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Tuesday, February 1, 2011

From the halls of Montezuma, to the shores of Tripoli

    I remember while in Advanced Infantry training, dressed in full combat gear and carrying a backpack that weighed at least  700 pounds (!) while on a forced march through ankle-deep sand; I decided death would be easier. Everyone in the platoon was nearly exhausted. Then the Drill Instructor started singing, "From the halls of Montezuma, to the shores of Tripoli…"  He commanded us to sing, and somehow we found the breath to do it. Amazing – as the unified voices of each Marine filled the air, strength came from *somewhere.*  We all finished the march.  There was something about lifting our voices together in song that gave each of us strength and encouragement to withstand a common burden. 

    Funny how singing can, in one situation, cause one to be filled with energy and stamina; in another situation cause an inward, emotional joy, and at other times cause a lump to form in your throat and tears to fill your eyes.

            In the OT, we see singing associated with work, worship, and even military activities (Gen. 31:27;  Ex. 32:17-18;  Isa. 16:10).  Singing is an important and powerful part of our lives. It expresses our deepest emotions, motivates athletes, motivates soldiers, unites masses of people, and celebrates significant events. However, it's most important use has always been to worship and praise God.

            It really isn't surprising that God commands New Testament Christians to sing; God's people have always been a "singing" people. Being delivered from Egyptian bondage, "Moses and the children of Israel sang to the Lord" (Ex. 15:1ff).  Consider all the "Psalms" (songs) that David wrote;  When Babylon devoured Judah and led the people into captivity, they said to the Israelites, "Sing us one of the songs of Zion!" (Ps. 137:3). This was said in a mocking sense, but is proves that God's people had a reputation for being a singing people.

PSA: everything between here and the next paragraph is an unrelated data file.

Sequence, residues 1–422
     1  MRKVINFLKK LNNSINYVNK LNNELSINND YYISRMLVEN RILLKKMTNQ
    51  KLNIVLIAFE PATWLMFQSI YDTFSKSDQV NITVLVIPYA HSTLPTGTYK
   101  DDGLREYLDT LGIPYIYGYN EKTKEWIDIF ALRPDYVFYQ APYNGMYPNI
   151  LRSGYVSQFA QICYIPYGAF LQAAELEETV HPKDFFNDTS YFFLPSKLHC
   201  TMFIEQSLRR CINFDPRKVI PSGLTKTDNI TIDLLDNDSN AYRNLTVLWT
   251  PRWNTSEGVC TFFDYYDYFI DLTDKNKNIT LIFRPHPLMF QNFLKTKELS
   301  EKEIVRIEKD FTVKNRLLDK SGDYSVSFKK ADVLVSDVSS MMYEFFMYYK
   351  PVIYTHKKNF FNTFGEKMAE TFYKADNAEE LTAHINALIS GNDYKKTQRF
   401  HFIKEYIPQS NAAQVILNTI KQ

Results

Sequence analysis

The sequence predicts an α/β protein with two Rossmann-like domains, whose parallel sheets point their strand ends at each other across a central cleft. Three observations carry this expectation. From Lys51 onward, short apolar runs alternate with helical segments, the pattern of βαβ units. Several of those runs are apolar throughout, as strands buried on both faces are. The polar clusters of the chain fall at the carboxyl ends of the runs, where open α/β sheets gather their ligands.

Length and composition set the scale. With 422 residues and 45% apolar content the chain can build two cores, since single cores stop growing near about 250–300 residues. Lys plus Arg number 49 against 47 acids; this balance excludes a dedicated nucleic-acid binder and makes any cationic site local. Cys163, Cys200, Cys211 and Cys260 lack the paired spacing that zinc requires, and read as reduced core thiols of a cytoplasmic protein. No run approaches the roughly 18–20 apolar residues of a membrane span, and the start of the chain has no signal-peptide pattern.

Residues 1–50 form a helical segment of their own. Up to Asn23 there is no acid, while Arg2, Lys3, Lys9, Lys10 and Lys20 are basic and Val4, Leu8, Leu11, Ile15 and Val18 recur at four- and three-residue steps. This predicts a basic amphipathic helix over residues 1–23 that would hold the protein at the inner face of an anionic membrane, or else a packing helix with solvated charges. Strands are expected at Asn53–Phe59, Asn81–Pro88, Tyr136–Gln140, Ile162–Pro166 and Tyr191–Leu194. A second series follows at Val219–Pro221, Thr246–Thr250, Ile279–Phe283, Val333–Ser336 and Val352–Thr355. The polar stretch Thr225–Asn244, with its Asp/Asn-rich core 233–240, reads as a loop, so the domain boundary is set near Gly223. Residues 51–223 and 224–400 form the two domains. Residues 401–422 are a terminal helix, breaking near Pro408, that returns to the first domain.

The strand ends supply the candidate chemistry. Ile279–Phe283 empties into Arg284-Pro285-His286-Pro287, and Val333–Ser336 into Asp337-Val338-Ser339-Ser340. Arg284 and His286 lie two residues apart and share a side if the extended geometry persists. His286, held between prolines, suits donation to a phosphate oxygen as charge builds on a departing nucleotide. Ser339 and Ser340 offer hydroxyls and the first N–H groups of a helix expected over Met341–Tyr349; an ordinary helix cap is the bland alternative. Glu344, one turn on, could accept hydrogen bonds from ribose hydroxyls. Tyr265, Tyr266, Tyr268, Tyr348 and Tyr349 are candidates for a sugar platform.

Singing was part of the spiritual life of Jesus. In the synagogue, He sang with the congregation. In the upper room after Jesus had shared the last Passover meal with His disciples and instituted the Communion, we read, "And when they had sung a hymn, they went out to the Mount of Olives" (Mark 14:26). 

    When Paul and Silas were prisoners in jail, they were singing hymns to God and the other prisoners, plus the guard were listening to them (Acts 16:25). Undoubtedly, the singing played a part in the conversion of the guard.

            Out singing is motivated by, "Letting the Word of Christ dwell in us richly" (Col. 3:16), thereby "being filled with the Spirit" (Eph. 5:18).  The source of our enthusiasm is God – it is NOT the result of being "emotionalized" by an organ, or "energized" by guitars, drums and tambourines. We "make melody in our hearts to the Lord" (Eph. 5:19). Our singing is not to entertain one another or show-off our talents.

            We often sing in preparation for taking the Lord's Supper – to prepare our hearts for prayer – and encourage someone to respond to the invitation. But perhaps the greatest reason to sing is summed up in the great old hymn, "I sing because I'm happy, I sing because I'm free, for His eye is on the sparrow, and I know He watches me."

            We should not take lightly this important area of our worship. Singing from the heart, Psalms, hymns and spiritual songs, will substantially help us to grow in our spiritual nature.  However, until you lay your sins at the foot of the cross, and begin obeying the Gospel you have nothing to sing about.   

--Toby Miller

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